A Level Law
Mrs L Freestone LLB, MA
Head of Law
Why study Law?
Law governs everything from the embryo to exhumation. Law regulates the air we breathe, the food and drink that we consume, our travel, sexuality, family relationships, our property, sport, science, employment, education, and health, everything in fact from neighbour disputes to war.
Professor Gary Slapper, Open University
If you are interested in the news and current affairs, studying law will help you to understand the world you live in. There are few other courses whose topics are more often in the news.
Studying law will enable you to develop many skills including research, reasoning, critical evaluation and problem solving, all of which are valued by future employers and university admissions tutors.
If you are thinking of studying Law at university, this A Level course allows you to sample it first to make sure it is the right course for you.
What will you study in A Level Law?
Law AS Level: Year 12
AS Level is assessed by two examinations in May or June.
The course is divided into 3 parts:
Law-making and the Legal system
How laws are made by Parliament
How laws are applied – how judges decide cases
Courts and the work of barristers, solicitors, judges and magistrates
What makes a crime?
Non-fatal offences against the person (assault, actual bodily harm, grievous bodily harm)
How to make a civil claim for negligence and how compensation is calculated
You will be expected to demonstrate knowledge of the law and also to apply the law to scenarios.
Law A2 Level: Year 13
A2 Level is assessed by two examinations in June. Your marks from AS will affect your final result at the end of Year 13.
The course is divided into 4 parts:
Fatal and non-fatal offences against the person
Assault and battery
Defences (self-defence, consent and intoxication)
You will be expected to demonstrate legal knowledge by applying the law to case studies
Evaluation of the law of murder, defences and non-fatal offences
In the Unit 3 exam, you will write an essay that evaluates the effectiveness of the law and make recommendations for improvements to the law.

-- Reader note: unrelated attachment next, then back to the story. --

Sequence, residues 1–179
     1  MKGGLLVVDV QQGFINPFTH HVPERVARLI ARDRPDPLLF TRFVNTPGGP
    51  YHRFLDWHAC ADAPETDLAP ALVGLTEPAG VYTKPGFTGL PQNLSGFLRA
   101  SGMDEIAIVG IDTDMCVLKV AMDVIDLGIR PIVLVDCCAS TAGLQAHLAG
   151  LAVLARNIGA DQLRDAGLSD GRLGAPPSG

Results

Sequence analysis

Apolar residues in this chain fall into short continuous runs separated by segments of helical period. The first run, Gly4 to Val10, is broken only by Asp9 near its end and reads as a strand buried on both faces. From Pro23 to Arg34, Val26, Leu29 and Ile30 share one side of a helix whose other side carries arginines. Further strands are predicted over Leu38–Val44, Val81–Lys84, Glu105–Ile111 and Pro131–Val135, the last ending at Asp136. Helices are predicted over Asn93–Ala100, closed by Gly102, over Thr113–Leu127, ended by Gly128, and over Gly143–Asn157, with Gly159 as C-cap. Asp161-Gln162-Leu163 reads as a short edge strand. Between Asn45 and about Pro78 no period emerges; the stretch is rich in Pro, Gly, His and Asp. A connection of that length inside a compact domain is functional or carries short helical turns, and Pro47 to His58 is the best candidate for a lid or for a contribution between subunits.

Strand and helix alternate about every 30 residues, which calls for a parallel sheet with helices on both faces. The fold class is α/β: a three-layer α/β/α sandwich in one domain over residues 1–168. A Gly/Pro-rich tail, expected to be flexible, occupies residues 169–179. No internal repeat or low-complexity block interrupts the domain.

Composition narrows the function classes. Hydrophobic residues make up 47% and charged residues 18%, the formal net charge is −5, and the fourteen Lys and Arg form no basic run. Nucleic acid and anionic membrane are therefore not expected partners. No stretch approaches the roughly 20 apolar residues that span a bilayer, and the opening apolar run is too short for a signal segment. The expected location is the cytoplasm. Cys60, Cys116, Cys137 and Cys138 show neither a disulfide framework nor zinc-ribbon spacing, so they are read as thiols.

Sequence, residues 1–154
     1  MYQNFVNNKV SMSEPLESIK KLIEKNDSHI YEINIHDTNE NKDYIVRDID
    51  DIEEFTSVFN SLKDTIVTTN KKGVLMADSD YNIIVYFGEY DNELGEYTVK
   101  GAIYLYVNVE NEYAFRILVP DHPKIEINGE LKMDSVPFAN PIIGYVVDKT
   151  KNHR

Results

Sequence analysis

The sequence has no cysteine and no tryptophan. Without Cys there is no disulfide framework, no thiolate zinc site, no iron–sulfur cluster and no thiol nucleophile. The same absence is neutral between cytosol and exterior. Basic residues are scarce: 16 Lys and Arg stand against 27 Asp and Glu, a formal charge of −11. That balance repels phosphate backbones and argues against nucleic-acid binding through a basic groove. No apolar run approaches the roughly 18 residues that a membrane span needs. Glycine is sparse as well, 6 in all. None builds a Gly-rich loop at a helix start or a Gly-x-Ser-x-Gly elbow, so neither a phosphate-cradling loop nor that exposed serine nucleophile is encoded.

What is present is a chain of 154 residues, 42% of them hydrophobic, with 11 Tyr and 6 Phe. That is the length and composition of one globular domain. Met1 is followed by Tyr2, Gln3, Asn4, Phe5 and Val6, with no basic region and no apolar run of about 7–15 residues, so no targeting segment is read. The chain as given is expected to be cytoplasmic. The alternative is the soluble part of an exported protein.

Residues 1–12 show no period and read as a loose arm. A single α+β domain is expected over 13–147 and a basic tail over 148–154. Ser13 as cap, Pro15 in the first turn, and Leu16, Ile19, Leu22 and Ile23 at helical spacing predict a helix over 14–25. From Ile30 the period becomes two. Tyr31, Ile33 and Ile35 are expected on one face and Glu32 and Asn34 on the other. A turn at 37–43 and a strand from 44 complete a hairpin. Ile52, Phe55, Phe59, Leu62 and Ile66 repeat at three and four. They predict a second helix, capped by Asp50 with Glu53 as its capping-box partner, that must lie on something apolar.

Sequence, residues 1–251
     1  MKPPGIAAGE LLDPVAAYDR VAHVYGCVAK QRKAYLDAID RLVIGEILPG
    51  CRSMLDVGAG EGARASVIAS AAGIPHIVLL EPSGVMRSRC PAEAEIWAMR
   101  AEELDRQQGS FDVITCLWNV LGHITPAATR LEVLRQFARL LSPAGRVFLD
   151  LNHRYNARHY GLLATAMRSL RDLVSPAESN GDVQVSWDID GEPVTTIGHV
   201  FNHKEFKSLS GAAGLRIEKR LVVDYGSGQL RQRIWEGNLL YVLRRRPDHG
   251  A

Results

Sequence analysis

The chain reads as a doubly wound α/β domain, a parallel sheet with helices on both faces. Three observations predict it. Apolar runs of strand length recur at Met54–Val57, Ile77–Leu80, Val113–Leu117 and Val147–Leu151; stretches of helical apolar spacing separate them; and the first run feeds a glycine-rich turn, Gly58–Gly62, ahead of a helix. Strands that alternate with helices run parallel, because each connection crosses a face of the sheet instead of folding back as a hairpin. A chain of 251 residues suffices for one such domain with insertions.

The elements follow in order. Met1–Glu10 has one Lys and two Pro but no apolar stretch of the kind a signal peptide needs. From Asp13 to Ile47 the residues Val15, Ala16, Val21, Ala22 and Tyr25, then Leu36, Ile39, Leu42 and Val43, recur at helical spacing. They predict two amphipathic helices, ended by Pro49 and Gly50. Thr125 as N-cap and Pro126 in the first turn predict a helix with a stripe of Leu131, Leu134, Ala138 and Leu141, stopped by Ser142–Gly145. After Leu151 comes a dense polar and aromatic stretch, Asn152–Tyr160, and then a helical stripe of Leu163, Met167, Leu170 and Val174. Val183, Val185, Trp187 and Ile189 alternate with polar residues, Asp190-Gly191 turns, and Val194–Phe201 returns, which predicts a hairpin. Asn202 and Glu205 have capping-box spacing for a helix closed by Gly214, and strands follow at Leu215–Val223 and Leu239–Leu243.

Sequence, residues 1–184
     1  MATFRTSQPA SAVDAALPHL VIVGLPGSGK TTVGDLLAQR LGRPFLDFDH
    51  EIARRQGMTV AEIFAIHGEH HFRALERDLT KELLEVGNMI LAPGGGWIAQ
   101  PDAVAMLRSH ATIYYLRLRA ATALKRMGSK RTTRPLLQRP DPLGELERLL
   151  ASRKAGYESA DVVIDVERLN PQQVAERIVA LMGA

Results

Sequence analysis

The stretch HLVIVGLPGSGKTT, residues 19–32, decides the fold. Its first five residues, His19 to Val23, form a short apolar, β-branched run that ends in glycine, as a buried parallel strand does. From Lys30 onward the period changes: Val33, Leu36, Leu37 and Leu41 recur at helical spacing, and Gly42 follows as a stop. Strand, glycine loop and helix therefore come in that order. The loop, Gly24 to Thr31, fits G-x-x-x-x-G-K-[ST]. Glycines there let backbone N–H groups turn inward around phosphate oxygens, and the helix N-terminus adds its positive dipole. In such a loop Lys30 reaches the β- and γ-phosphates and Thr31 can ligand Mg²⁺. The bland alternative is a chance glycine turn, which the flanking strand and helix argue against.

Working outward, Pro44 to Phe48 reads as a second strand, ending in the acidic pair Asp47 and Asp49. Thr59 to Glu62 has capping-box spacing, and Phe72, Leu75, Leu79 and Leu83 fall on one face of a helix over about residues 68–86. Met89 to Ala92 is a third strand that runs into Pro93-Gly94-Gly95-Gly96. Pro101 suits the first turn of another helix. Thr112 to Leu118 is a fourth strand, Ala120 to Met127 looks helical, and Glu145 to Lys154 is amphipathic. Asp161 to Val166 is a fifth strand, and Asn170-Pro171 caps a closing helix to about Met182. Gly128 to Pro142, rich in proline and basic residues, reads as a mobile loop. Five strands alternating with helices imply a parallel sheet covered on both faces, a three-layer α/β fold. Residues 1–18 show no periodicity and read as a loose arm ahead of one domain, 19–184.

Offences against property
You will be expected to demonstrate legal knowledge by applying the law to case studies.
Concepts of Law
Law and morality
Balancing conflicting interests
Should judges make laws?
Does the law achieve justice?
In the Unit 4 exam, you will study the wider concepts of law and write an essay to evaluate the meaning of law.
What do students say about A Level Law?
The subject is brand new to all students who take AS level Law, and students enjoy developing new skills and making more sense of the world.
In surveys conducted over the past three years, all Year 12 students stated that they would recommend the course of Year 11 students.
This is what students said about AS Level Law at LCHS (April 2013):
“Most of the things I’ve learnt I didn’t know before, and a lot of it interested me because we experience them in our daily life but we don’t realise it.”
“It is the only subject I found every lesson interesting”
““It’s my most organised lesson, with facts, structure and I love having the knowledge and being able to apply it every day”
I found it fun and interesting”
“I have learnt a lot of new things and it is a dynamic subject”
“Law is one of my favourite lessons, however sometimes it’s hard going, but I always end up understanding it”.
- 5 GCSE grades A*-C
- At least a grade B in English
- An interest in the subject
- An awareness of current affairs
- To be highly motivated
A level Law is a fascinating and changing subject and students are expected to keep themselves abreast of events in the wider world. Many opportunities are offered to students to enhance their understanding including:
- A visit to the Houses of Parliament in London
- Observation of trials at Crown Court and Magistrates’ Court
- Visiting speakers from the legal profession including a barrister, solicitor, magistrate and police officer
- A visit to a prison
If you would like any more information please contact
Mrs L Freestone, Room 44